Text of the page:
• Can Quality Maintenance Work in the Real World?

    Aug. 1, 2011
    There's no doubt that Quality Maintenance (QM) standards are good for our industry, but many contractors attempting to comply have more questions than answers when it comes to delivering on them.

    There's no doubt that Quality Maintenance (QM) standards are good for our industry, but many contractors attempting to comply have more questions than answers when it comes to delivering on them. The key is to take an honest look at what can be done within a reasonable period of time, and where the lines should be drawn between different levels of quality when it comes to delivering maintenance.

    I've been discussing these issues with contractors around the country over the past few months, which prompted me to assemble a list of questions we need to start asking ourselves, as well as those who wrote the standards.

    Many of these questions may seem rhetorical. However, let's pose them anyway to help us think through potential challenges ahead, as we attempt to translate the new standards into practical, achievable procedures with distinct lines drawn between various levels of delivered quality.

    10 Questions About QM
    The following initial list of questions is not meant to point fingers, cast aspersions, or diminish the fine work that's been done thus far, but rather to help provide a road map of what needs to be done to make QM work in the field:

    1. Are current published standards practical enough for the real world? Is this work sellable to customers, or do we need to create a more comprehensive set of procedures and parameters to make them more usable in the field?

    2. Do existing standards do a good job distinguishing elements of basic maintenance versus premium services that should have an associated charge? These premium services might include coil cleaning, preventive replacement of borderline components, filter redesign, adding or removing refrigerant, tuning combustion efficiency, etc.

    3. Where does basic quality maintenance stop and "premium" work begin? What level of "cleaning and adjusting" is part of standard maintenance, and what constitutes additional work at additional cost?

    4. If existing ANSI standards are to be used for incentive-based programs, can they be broken into smaller parts including basic and advanced maintenance work, or will it be all or nothing?

    5. If all or nothing, are the standards destined to fail without heavy subsidy?

    6. If maintenance that meets Air Conditioning Contractors of America (ACCA) Residential QM Standard 4, or American Society of Heating, Refrigeration, Airconditioning Engineers (ASHRAE)/ACCA Commercial Maintenance Standard 180 takes a lot more time to perform than typical maintenance, will contractors be offering a QM-based service at a premium over non-QM-based service?

    7. If the above is the case, does that put contractors trying to do the right thing in a compromising position with their customers, as they might be perceived as saying, "I can do a substandard job for X, or a quality job for Y?"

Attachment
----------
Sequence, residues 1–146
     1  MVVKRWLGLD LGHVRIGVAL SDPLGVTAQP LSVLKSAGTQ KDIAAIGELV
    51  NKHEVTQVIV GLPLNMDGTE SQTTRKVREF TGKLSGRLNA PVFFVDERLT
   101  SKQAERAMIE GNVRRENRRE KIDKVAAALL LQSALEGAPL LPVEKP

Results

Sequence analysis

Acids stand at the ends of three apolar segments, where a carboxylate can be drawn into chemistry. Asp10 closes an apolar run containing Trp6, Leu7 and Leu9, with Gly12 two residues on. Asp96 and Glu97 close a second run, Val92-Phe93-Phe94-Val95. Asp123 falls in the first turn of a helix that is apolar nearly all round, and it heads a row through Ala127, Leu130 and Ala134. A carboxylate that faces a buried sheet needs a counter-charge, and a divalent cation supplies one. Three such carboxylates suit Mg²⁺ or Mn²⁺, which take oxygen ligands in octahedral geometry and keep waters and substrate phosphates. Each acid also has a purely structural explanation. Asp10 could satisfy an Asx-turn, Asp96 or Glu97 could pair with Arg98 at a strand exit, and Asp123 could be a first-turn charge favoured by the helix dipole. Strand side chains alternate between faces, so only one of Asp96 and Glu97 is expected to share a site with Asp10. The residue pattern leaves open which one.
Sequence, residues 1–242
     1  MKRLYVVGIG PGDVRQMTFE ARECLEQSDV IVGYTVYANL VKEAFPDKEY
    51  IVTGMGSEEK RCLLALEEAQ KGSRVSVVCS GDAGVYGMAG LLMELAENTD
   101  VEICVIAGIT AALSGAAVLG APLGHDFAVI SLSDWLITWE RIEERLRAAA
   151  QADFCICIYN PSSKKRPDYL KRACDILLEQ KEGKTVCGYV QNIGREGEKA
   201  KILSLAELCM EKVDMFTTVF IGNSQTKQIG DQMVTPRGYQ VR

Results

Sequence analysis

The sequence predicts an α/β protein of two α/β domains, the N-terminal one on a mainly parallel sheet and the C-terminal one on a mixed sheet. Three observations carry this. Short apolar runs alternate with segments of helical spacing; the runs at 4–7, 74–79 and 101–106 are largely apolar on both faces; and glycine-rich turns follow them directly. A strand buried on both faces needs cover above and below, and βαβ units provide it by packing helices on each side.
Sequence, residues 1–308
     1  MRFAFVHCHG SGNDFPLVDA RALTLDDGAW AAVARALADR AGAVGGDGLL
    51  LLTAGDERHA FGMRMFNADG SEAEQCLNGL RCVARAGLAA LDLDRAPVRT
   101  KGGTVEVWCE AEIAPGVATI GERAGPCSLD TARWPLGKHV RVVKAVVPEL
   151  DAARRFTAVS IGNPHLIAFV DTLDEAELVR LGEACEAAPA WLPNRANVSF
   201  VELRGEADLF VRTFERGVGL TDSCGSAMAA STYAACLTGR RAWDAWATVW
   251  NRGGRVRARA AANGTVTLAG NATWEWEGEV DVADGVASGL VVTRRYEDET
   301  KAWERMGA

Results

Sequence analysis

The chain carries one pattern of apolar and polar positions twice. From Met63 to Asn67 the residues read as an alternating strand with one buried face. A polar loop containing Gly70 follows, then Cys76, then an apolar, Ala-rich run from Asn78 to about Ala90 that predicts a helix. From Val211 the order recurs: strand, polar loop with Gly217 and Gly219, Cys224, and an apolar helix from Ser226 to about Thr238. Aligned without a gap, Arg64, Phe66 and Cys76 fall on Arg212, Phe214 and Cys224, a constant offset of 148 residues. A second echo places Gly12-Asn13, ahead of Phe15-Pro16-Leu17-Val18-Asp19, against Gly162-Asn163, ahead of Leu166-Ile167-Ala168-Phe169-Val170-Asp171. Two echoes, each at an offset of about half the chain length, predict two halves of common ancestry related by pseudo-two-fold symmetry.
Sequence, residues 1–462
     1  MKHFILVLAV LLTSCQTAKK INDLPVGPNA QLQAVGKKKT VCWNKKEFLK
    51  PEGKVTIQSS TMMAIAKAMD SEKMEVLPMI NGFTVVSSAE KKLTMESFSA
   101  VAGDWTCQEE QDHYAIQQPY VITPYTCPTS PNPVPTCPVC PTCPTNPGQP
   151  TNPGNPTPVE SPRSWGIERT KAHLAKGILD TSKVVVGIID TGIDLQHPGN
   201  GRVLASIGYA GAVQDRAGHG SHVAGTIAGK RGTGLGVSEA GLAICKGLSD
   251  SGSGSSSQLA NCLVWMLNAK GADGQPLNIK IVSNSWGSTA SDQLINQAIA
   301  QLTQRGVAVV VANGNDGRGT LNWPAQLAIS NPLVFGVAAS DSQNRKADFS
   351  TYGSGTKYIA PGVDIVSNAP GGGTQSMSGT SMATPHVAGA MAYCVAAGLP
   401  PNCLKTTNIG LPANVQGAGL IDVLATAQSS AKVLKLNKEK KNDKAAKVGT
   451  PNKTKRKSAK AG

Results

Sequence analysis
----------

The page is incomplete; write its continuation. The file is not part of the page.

8. What challenges will contractors who deliver QM face in terms of competing with contractors who choose not to participate?

    9. As a contractor, will you take a stand and tell your customer, "We only perform to QM standards," and refuse to do maintenance that falls below the standard? Will that reinforce integrity and build loyalty among customers, or could it cause significant loss of business?

    10. Which provides more value to customers: delivering maintenance work that meets the "prescriptive" standards of a QM checklist, or delivering work that’s measurable by a specific "performance" standard of comfort and delivered Btus per unit of energy consumption?

    There are many more questions that performance-based contractors will ask as we continue to dissect these and other standards and practices that are beginning to sweep our industry. It's important to keep a cool head about this and understand it’s a natural process as our industry continues to mature and embrace higher levels of quality.

    So What's Next?
    The answers are out there. The key is to diligently research and test theory against real-world practical application, and find feasible, profitable ways to deliver on the promise of quality in our industry. Sounds like an incredibly exciting opportunity! I know a bunch of folks who are up for the challenge. Be sure to attend David Richardson’s session on Quality Maintenance at HVACR Week this September in Indianapolis. You won’t be disappointed!

    Dominick Guarino is Chairman & CEO of National Comfort Institute (NCI), (www.nationalcomfortinstitute.com), a national training and membership organization focused on helping contractors grow and become more profitable. Email him at [email protected] or call NCI at 800/633-7058.